By ordering Eugenie, a matte plum lipstick from the six-piece MAC x Giambattista Valli collection, I broke four of my cardinal makeup-buying rules:
- No limited-edition makeup, and especially no limited-edition products from MAC
- No makeup that I haven’t seen in person first
- No makeup that isn’t certified cruelty-free
- No near-dupes of anything I already have
Now, you may protest—and rightly so—that I’ve broken all of these rules since starting my blog. Fair enough, but it’s rare that I break all of them at once for a single product. So what was it about Eugenie that compelled me to make my first MAC purchase in two years?
Well, I mean, look at it.
The Giambattista Valli collection comprises five bold matte lipsticks—peach, white-pink, fuchsia, red, and plum—and one sparkly clear gloss in a pot. Each item is named after a woman dear to Valli; Eugenie’s namesake is the Greek shipping heiress Eugenie Niarchos. The name means something very different to me: my undergraduate advisor is named Eugene (not that I ever called him by his first name; perish the thought). It’s a little strange to think of him every time I use this lipstick, but he’s one of my favorite people in the world, so it could be worse. He once ran into me in the campus coffee shop, opened his wallet, and handed me a photograph of his cat. “Keep it,” he said, and I did. It’s hard to sum up a person in a single anecdote, but that one is pretty representative. Note also that his cat was named after the Renaissance poet Torquato Tasso.
|Left to right: Margherita, Bianca B, Tats, Charlotte, Eugenie.|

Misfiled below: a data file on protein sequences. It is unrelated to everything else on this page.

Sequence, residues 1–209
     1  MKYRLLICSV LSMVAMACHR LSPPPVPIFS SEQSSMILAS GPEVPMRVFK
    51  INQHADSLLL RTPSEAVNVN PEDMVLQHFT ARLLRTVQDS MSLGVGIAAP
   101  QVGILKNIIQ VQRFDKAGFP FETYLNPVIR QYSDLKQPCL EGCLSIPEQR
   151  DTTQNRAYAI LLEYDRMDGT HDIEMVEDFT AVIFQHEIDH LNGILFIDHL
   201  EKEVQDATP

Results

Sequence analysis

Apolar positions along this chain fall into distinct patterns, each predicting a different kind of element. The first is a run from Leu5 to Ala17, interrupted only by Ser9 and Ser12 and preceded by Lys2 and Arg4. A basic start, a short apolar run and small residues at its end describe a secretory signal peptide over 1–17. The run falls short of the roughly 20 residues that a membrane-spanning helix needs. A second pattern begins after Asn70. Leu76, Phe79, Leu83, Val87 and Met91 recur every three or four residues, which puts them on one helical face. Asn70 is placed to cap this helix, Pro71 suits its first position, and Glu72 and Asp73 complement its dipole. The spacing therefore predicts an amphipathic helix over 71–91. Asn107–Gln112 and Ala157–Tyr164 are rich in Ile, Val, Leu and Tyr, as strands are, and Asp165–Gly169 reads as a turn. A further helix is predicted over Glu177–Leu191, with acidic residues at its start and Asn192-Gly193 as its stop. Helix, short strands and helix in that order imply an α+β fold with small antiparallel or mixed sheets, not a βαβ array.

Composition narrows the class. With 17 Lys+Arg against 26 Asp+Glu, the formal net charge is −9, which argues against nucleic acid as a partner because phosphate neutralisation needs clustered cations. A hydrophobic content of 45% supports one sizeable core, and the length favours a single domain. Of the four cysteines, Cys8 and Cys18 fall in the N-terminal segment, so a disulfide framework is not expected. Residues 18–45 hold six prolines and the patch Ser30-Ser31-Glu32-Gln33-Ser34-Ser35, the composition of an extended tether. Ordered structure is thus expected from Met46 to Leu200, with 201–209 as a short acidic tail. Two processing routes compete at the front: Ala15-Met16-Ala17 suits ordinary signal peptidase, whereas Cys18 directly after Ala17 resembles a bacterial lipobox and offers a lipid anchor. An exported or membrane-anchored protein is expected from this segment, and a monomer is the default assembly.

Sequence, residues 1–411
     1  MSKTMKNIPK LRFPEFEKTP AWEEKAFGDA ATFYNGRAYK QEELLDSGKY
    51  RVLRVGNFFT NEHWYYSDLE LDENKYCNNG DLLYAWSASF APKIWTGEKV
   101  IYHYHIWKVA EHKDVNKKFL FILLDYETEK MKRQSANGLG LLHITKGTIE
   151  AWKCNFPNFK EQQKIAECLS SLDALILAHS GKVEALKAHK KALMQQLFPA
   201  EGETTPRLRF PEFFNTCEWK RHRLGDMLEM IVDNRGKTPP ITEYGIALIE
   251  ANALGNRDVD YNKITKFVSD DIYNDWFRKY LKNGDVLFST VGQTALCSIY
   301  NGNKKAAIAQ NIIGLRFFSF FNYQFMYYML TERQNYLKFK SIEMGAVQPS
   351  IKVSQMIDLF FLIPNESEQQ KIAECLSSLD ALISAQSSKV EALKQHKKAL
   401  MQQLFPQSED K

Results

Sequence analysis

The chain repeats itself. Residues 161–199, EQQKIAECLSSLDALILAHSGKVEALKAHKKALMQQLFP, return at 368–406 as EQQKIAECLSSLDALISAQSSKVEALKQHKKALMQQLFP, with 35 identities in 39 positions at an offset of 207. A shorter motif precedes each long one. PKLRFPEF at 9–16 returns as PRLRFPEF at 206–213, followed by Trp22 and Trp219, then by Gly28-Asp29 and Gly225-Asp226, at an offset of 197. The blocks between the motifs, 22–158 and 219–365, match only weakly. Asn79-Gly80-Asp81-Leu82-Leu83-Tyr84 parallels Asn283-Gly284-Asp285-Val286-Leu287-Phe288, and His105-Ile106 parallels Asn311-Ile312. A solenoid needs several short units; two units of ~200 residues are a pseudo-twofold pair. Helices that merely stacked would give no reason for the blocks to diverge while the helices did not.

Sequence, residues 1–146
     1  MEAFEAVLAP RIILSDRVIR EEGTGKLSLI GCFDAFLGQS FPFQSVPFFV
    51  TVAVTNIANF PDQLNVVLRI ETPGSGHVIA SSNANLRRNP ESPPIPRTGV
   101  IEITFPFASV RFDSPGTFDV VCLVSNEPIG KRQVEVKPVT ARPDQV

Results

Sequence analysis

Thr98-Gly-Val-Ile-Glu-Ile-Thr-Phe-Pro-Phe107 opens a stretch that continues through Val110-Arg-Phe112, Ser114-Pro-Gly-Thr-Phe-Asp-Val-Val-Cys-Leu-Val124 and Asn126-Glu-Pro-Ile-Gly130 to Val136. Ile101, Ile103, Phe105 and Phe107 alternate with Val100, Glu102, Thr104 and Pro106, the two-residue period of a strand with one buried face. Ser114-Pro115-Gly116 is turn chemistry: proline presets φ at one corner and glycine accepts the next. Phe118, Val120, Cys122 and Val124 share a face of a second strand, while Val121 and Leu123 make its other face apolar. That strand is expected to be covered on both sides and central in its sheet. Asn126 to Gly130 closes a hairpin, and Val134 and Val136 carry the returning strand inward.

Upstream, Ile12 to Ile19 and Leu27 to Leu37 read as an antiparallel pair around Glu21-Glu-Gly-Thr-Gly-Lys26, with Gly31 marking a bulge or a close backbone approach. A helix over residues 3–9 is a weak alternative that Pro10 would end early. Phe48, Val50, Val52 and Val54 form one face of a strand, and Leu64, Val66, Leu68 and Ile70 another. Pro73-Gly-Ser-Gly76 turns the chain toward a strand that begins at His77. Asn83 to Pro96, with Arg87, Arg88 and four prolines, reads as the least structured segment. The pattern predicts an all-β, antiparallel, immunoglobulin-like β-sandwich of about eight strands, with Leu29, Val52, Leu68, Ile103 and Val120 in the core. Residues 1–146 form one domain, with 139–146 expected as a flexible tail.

In an interview with Refinery29, Valli explains the aesthetic behind his MAC collection: “The colors are a bit like the ABCs of Giambattista Valli—the reds, the pinks, the fuchsias, and the corals. They’re colors that always belong to the house and the imagination of the house.” Apparently, MAC has been doing the makeup for Giambattista Valli’s fashion shows since the house launched its first collection in 2005, so a collaboration was only natural. Valli is not a designer I’ve ever followed closely, though I do love the way he uses color, rendering fairytale silhouettes in unlikely neons:
|Source: The Coveteur|
And his F/W 2012 collection was neo-Elizabethan perfection: very Orlando. It’s a shame that he didn’t succeed in bringing back the ruff.
I wouldn’t have said no to one of the butterfly-bedecked full-head veils from that season, either:
In all these photos, you can see the same tone-on-tone color play that distinguishes the lipsticks in Valli’s MAC collection. Knowing MAC’s love for whimsical packaging, I’m surprised that the lipstick tubes came out so simple and streamlined (no butterflies?), but I’m not complaining.
I first heard about the Valli collection at the end of last year, when posts like this one began making the rounds. I’ve seen a lot of MAC limited-edition packaging come and go: the water droplets of Alluring Aquatics; the cartoon-covered tubes and pans of the Simpsons, Archie, and Wonder Woman collections; the ombre tie-dye of Proenza Schouler. But this was the first MAC collection whose aesthetic really captured my attention. I filed the lipsticks into one of my mental folders reserved for makeup wishlists, and went about my business for the next eight months.